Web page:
At the session of the battle the DM came to us first, and we did about ten minutes of the game that it took to get up to where Group 1 was while they were in another room discussing plans. Then we moved into the room with them and the battle started. The DM had done a very good job of having us evenly matched, and so a lot of it was down to luck of the dice and good planning. The rogue had been turned invisible by their sorcerer and got a good shot in on our Fighter. Their fighter had was hanging above the door by a wall fixture and dropped down on the psychic warrior, and I took on the sorcerer. By the end it was just the psychic warrior and me left alive on our side and we'd captured their fighter. I was able to bring our fighter back to life and we drug the bodies of the other PCs back to the kingdom. After it all there was plenty of hand shaking and congratulations over a game well played. None of us could believe the DM had pulled it off so well. At the end we came to an agreement with the fighter on their side, resurrected their other members, and made one large group. They were told the king was evil and had to be stopped from attacking another kingdom, while in truth the king was a kind man who was framed. We all worked together to go after the people who'd given them the job. It was all in all a very well played and interesting game. And then we go in one little fight and my mom got scared and said "you're moving in with your aunti and uncle in Bel-Air."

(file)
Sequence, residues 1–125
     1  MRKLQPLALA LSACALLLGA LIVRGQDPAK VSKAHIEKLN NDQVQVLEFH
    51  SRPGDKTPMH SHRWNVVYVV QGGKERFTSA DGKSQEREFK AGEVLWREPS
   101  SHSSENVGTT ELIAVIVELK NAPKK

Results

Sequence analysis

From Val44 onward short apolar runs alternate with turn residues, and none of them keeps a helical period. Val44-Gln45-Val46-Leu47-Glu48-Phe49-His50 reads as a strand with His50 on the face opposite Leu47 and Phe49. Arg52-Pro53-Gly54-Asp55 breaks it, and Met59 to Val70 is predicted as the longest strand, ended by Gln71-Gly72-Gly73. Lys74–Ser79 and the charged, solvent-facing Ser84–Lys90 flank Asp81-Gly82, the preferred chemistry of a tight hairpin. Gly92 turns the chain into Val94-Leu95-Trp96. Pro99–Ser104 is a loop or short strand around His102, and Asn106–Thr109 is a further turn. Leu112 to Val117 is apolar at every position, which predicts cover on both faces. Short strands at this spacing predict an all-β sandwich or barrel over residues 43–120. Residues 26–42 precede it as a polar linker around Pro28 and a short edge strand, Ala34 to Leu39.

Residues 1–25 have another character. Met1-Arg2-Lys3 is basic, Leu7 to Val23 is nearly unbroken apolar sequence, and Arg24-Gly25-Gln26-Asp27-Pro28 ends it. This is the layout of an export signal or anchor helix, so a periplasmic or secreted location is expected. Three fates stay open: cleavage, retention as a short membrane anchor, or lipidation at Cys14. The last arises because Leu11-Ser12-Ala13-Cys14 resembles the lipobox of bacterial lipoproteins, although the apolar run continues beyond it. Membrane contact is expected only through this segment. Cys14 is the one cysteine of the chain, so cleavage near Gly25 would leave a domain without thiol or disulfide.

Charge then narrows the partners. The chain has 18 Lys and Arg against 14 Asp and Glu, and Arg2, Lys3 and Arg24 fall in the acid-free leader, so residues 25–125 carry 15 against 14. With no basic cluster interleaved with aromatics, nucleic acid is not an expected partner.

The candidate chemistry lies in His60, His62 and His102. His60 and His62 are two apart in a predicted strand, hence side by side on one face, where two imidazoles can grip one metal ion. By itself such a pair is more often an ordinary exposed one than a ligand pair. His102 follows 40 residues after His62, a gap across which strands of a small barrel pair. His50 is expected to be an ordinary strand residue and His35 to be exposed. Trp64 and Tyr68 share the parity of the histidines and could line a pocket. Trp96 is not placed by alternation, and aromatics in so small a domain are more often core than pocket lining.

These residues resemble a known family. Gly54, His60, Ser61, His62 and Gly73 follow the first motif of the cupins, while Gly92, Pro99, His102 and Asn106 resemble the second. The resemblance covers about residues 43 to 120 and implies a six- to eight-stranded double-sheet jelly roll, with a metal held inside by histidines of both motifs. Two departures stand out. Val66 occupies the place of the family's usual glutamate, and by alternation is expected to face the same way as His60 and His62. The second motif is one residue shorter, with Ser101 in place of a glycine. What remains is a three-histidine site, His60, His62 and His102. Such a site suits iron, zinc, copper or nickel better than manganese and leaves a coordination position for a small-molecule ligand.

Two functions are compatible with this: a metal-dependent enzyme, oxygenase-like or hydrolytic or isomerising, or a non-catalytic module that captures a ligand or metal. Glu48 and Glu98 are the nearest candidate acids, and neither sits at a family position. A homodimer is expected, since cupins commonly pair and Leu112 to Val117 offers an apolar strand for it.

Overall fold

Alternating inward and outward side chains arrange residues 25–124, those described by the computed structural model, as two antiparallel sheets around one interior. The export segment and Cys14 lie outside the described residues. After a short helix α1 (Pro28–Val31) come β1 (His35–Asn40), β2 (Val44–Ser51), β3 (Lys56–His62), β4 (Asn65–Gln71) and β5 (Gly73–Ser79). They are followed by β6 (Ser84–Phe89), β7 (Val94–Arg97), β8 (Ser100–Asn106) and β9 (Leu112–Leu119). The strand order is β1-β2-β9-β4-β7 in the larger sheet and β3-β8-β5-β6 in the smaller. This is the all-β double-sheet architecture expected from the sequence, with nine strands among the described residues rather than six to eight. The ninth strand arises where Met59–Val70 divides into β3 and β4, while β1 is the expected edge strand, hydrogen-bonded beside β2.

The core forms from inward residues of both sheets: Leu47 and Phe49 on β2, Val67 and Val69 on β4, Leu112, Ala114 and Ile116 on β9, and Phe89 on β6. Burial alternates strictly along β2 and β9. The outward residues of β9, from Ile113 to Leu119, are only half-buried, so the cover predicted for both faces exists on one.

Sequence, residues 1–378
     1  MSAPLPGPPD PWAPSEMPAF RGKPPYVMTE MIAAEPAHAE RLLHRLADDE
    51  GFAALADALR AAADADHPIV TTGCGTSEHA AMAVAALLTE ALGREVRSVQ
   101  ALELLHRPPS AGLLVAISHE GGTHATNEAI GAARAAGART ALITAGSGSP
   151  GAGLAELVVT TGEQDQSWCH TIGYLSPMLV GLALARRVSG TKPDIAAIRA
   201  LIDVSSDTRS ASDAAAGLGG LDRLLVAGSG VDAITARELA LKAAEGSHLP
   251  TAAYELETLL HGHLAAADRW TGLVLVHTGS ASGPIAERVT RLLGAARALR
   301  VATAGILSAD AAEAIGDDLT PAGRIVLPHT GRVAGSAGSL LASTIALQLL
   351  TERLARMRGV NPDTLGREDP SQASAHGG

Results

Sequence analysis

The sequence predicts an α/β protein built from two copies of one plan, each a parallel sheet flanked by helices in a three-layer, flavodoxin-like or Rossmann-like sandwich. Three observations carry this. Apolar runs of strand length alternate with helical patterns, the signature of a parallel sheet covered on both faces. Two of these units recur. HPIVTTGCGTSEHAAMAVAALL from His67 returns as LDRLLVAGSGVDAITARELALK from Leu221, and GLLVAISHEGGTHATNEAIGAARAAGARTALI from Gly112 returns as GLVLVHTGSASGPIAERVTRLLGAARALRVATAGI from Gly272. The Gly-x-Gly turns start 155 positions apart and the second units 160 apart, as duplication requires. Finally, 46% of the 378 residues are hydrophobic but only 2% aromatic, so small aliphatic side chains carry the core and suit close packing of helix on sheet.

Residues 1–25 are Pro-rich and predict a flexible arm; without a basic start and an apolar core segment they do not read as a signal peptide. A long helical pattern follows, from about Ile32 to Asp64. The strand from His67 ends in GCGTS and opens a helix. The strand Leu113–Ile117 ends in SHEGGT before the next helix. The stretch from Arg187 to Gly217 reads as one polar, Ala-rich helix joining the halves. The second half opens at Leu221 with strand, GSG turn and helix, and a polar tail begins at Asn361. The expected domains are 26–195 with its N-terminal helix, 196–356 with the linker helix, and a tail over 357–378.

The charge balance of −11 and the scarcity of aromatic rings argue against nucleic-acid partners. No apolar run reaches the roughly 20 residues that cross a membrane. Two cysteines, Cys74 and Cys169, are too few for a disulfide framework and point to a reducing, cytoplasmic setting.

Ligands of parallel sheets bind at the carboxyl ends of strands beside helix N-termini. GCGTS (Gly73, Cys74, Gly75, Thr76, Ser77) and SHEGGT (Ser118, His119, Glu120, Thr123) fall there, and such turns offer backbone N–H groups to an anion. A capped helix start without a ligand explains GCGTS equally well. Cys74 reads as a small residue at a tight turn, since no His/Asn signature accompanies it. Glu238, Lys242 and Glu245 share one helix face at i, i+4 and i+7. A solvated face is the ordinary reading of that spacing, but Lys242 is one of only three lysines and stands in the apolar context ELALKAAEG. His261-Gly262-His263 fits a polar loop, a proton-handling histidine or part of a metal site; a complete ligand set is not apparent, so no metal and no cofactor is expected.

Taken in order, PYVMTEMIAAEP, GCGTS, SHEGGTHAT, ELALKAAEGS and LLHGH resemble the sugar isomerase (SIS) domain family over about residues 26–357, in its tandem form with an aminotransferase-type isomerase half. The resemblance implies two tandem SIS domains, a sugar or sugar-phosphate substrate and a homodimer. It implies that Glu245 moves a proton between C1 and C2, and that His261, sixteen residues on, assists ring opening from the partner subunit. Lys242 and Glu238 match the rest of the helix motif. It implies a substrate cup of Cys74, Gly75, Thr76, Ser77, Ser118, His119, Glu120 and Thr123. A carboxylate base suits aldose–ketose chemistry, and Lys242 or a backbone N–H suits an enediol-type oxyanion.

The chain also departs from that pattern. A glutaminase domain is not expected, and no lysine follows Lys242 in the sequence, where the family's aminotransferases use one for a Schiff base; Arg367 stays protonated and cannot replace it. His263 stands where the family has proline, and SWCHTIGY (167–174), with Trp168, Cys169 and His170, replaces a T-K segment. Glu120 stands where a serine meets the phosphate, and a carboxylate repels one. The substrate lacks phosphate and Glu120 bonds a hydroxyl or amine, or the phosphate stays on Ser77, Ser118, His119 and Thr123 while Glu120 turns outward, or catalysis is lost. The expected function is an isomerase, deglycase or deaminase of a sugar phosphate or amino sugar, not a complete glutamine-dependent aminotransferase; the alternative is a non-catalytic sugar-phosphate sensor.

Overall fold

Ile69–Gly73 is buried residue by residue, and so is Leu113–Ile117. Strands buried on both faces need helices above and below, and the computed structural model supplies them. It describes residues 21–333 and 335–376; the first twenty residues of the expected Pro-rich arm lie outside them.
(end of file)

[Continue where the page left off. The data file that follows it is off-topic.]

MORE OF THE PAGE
>> Anonymous 01/26/08(Sat)07:29 No.1070065

    If you'd ever been in a fight, you'd know that they happen very, very fast. Too fast to decide if you're going to run or not until (usually) it's too late.
    >> Anonymous 01/26/08(Sat)13:18 No.1071060

    Not in a game of heroic fantasy, bub. Last I checked guys in the Real World don't have potentially hundreds of hit points and can be killed by tripping and landing the wrong way.

    Past first level, characters in most fantasy RPGs are pretty much superhuman.